A Busy Parents Guide To Doing Family Devotions – Part 2

Practical help to become the primary spiritual influencer in your home

Last week, we discussed The Why behind the importance of doing family devotions.  If you haven’t yet read it, I’d encourage you to check it out.

We were reminded that of the 168 hours in a child’s week, the church on average only gets one of them, leaving 167 hours remaining, most of which are spent with their families.

This has to cause us to stop and answer the question, “Who is to be the primary spiritual influencer in a child’s life?”  And the obvious answer is – the parents.  The key to raising godly children has to start first and foremost at home.

1 to 167

The church only gets 1 of 168

“God expects each and every parent to do his or her part in raising children. The very first responsibility we have as parents is to teach our children of God. Every other responsibility falls before this one… As parents we also need to know that instilling in our children a faith in God and the Bible, is the best thing we can ever do for them. That early teaching will stay with them the rest of their lives. Impressions are made while they are young.” – David Boswell

There’s no question that one of the greatest key factors in whether or not young people remain dedicated to their Christian faith or walk away from it is the influence of their parents.  And I believe that much of that spiritual influence can come by way of family devotions.

So let me share with you some practical and proven ways to successfully have family devotions:

The WHAT:

Many parents think… “I understand the importance of family devotions, but what in the world am I supposed to do?!”

Well, good news, it’s simpler than you think!  Let’s get practical.

  1. Read the Bible out loud
    • Whether it’s just one verse and an explanation, five verses from one of the gospels, or chapter one of the book of Genesis, just start somewhere.
    • Talk about a different doctrine each night… go through the 10 commandments… read the account of the 7 days of creation, and discuss one day each night.
    • You probably know more about the Bible than you think you do.
  2. Use a devotional idea book or Bible storybook with pictures (for younger kids)
    • While stories are a great way to do family devotions, this time can be about much more than just that.  Family devotions are about:
      • Sharing our knowledge – Taking what we know and transferring that knowledge to our kids.
      • Sharing God’s truth – Instilling within them a passion for the things of God.
      • Passing down our faith – Handing off the baton of faith to be carried into future generations.  (Deuteronomy 6:6-7 teaches us that “We are to teach our children what is already in our heart…”)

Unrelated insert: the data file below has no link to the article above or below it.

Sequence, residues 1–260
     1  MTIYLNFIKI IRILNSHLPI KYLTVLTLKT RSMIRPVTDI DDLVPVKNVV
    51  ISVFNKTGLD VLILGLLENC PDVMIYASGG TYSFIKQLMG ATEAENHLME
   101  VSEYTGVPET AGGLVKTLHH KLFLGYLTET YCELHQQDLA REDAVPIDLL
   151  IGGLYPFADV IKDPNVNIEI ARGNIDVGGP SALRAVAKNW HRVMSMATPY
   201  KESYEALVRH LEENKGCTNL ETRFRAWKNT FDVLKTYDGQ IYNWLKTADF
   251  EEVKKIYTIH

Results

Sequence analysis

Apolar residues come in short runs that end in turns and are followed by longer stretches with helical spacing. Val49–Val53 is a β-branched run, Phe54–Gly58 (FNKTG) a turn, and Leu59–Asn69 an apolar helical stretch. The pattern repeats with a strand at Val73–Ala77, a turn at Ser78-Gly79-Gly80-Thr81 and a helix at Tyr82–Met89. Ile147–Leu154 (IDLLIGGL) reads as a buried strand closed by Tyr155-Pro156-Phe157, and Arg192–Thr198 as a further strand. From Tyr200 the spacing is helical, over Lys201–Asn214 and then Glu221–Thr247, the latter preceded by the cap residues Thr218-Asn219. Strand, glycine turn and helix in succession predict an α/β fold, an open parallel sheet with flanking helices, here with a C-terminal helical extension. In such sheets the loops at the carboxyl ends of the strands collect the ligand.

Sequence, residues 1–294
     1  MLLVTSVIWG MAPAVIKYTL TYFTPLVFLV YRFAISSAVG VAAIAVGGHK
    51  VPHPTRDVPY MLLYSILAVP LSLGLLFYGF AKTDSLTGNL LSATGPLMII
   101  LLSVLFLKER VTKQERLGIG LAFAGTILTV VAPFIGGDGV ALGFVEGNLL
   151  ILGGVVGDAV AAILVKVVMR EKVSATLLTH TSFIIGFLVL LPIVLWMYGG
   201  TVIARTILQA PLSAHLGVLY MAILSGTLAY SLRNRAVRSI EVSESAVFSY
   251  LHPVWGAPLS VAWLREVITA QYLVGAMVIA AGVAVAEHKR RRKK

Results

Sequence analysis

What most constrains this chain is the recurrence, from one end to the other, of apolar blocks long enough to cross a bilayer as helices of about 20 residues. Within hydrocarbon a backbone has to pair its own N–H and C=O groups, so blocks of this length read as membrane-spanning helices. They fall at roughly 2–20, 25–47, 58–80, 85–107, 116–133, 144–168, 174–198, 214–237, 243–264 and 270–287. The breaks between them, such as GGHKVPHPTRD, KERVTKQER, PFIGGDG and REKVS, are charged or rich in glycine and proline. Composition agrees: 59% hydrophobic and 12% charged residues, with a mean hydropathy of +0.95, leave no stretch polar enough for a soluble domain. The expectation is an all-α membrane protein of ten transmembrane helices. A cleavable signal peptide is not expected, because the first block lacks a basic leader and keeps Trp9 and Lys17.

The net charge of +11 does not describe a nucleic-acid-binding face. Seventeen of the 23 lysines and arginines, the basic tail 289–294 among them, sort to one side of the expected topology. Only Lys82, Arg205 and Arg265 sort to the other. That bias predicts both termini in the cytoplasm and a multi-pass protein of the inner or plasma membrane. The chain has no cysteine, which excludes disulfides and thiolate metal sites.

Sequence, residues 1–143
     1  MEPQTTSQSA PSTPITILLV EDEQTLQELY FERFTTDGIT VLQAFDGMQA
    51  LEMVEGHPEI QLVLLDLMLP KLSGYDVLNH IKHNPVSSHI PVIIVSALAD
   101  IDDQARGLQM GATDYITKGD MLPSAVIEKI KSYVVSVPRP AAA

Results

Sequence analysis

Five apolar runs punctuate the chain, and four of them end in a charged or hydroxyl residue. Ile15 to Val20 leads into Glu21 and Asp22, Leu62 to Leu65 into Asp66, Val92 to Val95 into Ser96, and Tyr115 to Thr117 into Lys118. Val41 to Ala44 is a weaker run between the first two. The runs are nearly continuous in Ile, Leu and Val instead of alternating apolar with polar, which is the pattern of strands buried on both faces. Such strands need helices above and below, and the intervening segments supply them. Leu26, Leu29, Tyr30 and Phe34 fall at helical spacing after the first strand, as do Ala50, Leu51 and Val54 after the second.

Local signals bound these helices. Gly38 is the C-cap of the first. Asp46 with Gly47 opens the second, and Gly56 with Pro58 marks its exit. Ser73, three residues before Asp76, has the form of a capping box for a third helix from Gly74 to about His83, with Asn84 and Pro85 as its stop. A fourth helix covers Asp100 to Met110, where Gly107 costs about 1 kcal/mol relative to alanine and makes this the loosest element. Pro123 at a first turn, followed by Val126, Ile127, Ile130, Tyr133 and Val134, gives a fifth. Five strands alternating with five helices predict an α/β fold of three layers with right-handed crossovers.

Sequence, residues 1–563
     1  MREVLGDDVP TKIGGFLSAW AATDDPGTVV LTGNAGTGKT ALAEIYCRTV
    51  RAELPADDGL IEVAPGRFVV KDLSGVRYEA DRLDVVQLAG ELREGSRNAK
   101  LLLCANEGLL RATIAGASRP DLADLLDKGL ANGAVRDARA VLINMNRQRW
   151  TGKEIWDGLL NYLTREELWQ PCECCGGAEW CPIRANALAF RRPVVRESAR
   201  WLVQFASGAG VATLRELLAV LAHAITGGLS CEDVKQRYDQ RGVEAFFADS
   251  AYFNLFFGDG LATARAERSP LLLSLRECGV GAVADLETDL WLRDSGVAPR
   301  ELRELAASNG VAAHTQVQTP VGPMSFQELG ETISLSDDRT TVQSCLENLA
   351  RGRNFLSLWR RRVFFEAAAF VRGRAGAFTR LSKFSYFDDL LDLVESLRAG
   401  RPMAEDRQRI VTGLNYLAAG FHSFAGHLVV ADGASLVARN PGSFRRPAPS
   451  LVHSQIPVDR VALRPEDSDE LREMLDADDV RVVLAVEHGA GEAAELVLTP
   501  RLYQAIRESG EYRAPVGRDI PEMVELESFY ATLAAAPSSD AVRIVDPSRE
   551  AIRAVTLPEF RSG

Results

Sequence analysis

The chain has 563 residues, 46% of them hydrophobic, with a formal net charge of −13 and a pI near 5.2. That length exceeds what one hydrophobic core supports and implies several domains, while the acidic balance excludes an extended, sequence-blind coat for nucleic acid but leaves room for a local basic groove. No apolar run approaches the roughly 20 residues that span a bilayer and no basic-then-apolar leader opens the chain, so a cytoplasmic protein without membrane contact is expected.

3. Act out Bible stories through role play
    • Kids love to be the Bible characters and kids learn through participation.
    • Kids retain 10% of what they hear, 40% of what they hear and see, and 80% of what they see, hear, and experience (participate in).
    • I can remember many times when the stories of the Bible would come alive during family devotions times… cardboard boxes would become boats crashing on the waves, and nerf balls would become stones thrown at Goliath.
  4. Sing songs
    • Devotion time needs to also be a fun time.  Sing fun songs, action songs, worship songs.
    • Singing songs about the Lord is not something that should just be reserved for church time.
    • Family devotions can be a time of family worship, and what better way to worship than to sing together to the Lord.
  5. Memorize verses together.
    • Thy word have I hid in mine heart, that I might not sin against thee. Psalm 119:11
    • I don’t know about you, but I want my children to have a strong defense against Satan, and one great way to do that is by them hiding God’s Word in their hearts.
    • In addition to memorizing verses, memorize the books of the Bible, look them up, do Bible Sword Drills as a family.  Make learning God’s Word fun and enjoyable.
  6. Pray
    • Family devotion time should also be prayer time.
    • Have a list of prayer requests.
    • Take advantage of this time to teach your kids how to pray and allow them to pray as well.

Okay, you may be thinking, “This all sounds great, but how am I going to make it all happen?”  Great question.  Here’s some ideas…

The HOW:

  1. Schedule it
    • What gets scheduled gets done. (maybe start with just once or twice a week)
    • Remember, there is no right or wrong time. For us, it works best at the end of the day right before bed.
    • For some families, it may work best at the start of the day over breakfast, or immediately after dinner time each night when everyone is still gathered together.